Crowd control is vital at any sporting event, but keeping just over 60,000 football fans smiling inside River Plate’s Estadio Antonio Vespucio Libert, home of Buenos Aires club River Plate, pales into insignificance in comparison to Michele Mouton’s job.

Mouton made her name as the world’s fastest lady and she remains the only female winner of a World Rally Championship round. She didn’t stop at one, either, she won four and came within a whisker of the 1982 title.

That was then. Her job now is the FIA’s WRC Safety Delegate. It’s Michele who gives rally organisers the recommendation to start each and every one of the 250-plus stages in the World Rally Championship this year. Last week’s Rally Argentina, which was won by Ott Tänak, was one of her busiest.

Michele managed an estimated one million people out on the 18 stages in the hills surrounding Villa Carlos Paz.

Her duties are extensive.

FIA Safety Delegate, Michele Mouton. Photo: Jaanus Ree/Red Bull Content Pool

Michele travels every inch of the route ahead of the main field, but she doesn’t drive.

“If I’m driving, I’m not looking and I’m there to look and to decide where is safe and who is safe,” she siad.

“I use my experiences from when I was a driver, as well as checking the safety plan is in place.”

If she’s not happy with where the fans are standing, she stops and she tells them. 99 per cent of the time they recognise Michele as a heroine of their sport, they listen and they move.

The other one per cent are persuaded by the chief of police who travels in the same 4x4 as Michele.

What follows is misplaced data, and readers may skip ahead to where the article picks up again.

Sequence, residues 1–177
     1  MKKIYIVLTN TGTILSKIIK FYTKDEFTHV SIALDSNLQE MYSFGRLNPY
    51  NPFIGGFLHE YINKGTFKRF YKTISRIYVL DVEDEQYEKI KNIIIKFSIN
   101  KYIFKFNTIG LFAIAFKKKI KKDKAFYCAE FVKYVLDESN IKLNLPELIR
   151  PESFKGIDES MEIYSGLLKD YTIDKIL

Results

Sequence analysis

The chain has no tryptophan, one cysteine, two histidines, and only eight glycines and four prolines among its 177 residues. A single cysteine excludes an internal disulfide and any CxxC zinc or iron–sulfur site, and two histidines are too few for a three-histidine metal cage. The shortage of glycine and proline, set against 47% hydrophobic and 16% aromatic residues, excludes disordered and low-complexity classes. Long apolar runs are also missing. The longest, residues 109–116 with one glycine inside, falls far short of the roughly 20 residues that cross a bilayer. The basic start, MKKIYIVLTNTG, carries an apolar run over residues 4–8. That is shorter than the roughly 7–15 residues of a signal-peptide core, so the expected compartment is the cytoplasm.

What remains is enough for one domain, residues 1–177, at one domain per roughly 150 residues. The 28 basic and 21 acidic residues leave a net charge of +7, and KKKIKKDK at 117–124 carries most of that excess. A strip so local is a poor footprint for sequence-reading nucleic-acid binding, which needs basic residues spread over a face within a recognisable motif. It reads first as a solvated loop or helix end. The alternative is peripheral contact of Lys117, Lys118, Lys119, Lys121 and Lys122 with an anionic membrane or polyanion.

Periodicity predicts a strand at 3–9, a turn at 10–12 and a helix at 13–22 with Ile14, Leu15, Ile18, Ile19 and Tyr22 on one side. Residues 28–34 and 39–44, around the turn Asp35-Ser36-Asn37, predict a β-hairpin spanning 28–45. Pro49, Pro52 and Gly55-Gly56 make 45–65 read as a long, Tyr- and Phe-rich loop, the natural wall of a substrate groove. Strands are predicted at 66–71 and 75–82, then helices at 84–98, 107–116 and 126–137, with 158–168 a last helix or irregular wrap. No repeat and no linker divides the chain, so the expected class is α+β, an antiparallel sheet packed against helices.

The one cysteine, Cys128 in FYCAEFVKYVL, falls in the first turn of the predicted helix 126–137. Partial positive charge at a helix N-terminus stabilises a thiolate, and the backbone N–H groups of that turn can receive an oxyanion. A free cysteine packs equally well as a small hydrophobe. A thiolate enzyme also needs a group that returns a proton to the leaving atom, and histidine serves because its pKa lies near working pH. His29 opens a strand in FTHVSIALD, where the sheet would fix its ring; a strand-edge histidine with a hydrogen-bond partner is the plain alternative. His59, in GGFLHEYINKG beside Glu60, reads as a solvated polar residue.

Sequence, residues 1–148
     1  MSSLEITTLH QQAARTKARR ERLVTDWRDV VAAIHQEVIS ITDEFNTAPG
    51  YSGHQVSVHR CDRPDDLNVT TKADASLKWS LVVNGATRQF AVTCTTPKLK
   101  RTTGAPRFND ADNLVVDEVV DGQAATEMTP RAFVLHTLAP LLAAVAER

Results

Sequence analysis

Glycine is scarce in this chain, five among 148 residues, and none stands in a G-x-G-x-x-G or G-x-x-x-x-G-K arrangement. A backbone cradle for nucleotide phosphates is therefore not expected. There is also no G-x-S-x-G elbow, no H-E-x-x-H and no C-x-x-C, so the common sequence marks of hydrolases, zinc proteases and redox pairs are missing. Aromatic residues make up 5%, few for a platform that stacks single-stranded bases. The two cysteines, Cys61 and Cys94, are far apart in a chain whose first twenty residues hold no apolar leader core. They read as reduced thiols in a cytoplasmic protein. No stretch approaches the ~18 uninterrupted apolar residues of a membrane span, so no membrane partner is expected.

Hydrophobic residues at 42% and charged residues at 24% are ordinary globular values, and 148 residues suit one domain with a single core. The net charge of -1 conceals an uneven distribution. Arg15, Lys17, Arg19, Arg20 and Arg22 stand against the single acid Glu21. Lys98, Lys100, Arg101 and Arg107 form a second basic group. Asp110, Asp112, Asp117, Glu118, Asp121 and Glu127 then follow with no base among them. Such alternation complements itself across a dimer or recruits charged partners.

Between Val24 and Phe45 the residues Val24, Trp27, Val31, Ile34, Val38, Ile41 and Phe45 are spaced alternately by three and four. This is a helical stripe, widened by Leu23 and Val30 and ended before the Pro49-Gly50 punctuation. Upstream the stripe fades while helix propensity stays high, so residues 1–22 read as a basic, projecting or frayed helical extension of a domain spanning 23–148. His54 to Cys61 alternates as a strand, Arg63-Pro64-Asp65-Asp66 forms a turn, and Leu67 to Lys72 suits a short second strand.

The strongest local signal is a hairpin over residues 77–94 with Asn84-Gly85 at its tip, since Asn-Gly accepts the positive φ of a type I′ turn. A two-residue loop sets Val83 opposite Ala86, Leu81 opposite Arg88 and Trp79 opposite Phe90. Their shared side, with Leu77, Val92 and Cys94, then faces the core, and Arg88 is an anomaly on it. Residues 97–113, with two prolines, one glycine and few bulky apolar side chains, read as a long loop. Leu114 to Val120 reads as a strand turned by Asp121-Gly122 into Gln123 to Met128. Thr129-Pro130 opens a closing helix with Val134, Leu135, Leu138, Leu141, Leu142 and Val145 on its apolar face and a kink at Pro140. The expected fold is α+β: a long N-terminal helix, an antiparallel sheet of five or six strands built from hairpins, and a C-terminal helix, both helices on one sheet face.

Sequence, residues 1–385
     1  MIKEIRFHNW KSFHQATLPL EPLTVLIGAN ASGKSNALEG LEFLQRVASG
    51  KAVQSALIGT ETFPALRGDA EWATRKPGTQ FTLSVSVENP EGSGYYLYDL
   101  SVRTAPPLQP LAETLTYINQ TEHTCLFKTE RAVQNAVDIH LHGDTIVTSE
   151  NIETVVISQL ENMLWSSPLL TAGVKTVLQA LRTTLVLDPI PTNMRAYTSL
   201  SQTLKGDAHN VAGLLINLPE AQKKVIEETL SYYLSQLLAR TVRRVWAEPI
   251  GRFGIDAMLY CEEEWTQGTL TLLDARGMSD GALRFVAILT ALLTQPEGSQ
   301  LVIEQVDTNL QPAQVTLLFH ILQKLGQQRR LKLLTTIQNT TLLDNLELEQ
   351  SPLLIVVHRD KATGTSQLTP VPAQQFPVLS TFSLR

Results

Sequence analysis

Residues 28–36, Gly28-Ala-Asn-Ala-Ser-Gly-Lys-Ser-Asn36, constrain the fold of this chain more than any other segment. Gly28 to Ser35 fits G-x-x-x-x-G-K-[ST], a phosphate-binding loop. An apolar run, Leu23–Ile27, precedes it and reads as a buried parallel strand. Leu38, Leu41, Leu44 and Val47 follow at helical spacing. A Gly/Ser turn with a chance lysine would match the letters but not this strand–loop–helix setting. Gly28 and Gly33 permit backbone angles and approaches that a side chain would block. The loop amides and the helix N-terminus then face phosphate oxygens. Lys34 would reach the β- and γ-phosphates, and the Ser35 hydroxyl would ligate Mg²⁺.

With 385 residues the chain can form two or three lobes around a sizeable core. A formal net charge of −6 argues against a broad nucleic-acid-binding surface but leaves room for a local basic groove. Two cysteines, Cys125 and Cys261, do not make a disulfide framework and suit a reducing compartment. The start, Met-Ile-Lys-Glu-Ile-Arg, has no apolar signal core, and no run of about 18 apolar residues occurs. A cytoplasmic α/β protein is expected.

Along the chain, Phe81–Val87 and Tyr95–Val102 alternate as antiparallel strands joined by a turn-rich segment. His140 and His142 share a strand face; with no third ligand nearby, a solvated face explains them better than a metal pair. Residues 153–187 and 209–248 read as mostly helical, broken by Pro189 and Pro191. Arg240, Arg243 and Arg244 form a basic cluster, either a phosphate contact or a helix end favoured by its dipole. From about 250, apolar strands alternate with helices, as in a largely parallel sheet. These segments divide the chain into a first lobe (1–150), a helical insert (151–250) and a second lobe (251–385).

Rally Argentina came close to losing its WRC status in 2015, when the sport’s governing body issued the South American event with a stern warning to sort its safety policy out.

The organisers and Michele worked hand-in-hand to deliver a genuine success story.

“We worked on the route,” said Michele.

“Taking the rally into more rural areas and away from the population, and the organisers worked hard to educate the local population through television and radio. When we came back in 2016, there was a very big difference, and now even more.”

Rally Argentina and its fans have improved their safety over the part few years. Photo: Jaanus Ree/Red Bull Content Pool

Out on the stages, there’s a very simple policy for the fans to adhere to: look at the colour of the tape alongside the road.

If it’s yellow then you can stand there, but if it’s red you’re not allowed anywhere near it.

“People start to understand; they know we will cancel a stage if the level of safety does not meet our expectation,” she added.

In addition to the chief of police riding with Michele, there are 4,600 of his colleagues collaborating out on the stages making sure people understand the difference between yellow and red tape.

Once Michele is through a stage, three more official cars with dedicated safety radio channels follow to ensure the people she has moved haven’t been tempted to sneak back.

If they have, they’re moved again. Only once Michele has confirmed the safety plan is in place does she recommend the green light for the sport to begin.

Nowhere on the WRC’s season-long tour of planet earth will Michele deal with more fans than Argentina. It’s arguably her busiest week of the season, but she loves it.

“The passion for the sport here is incredible,” she said.

Ott Tanak in action at Rally Argentina. Photo: Jaanus Ree/Red Bull Content Pool

“The people are what makes this rally so, so special and it’s emotional for me to see too.”

“We have a duty to keep the fans as safe as we can, they deserve to see the show when they have been camping in stages for three days to enjoy the spectacle of our sport.”

Get full, exclusive access for only $6.55/month.
  • Full access
  • Exclusive news
  • Store & Tour discounts

Show Your Support


Recent Posts